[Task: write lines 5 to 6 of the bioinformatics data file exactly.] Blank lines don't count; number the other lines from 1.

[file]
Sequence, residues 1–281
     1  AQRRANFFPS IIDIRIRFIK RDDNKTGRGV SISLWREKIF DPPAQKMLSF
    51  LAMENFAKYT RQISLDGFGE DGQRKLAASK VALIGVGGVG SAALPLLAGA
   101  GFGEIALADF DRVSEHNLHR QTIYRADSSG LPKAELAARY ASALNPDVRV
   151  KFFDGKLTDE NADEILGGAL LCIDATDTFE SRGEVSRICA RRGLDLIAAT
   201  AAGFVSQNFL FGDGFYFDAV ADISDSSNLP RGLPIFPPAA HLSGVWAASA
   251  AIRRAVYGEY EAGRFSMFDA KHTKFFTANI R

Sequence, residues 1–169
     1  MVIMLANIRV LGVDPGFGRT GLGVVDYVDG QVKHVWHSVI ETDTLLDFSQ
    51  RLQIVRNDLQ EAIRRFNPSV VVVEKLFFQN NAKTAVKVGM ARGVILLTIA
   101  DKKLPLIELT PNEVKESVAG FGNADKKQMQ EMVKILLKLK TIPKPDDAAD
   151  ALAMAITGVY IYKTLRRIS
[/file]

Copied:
   151  KFFDGKLTDE NADEILGGAL LCIDATDTFE SRGEVSRICA RRGLDLIAAT
   201  AAGFVSQNFL FGDGFYFDAV ADISDSSNLP RGLPIFPPAA HLSGVWAASA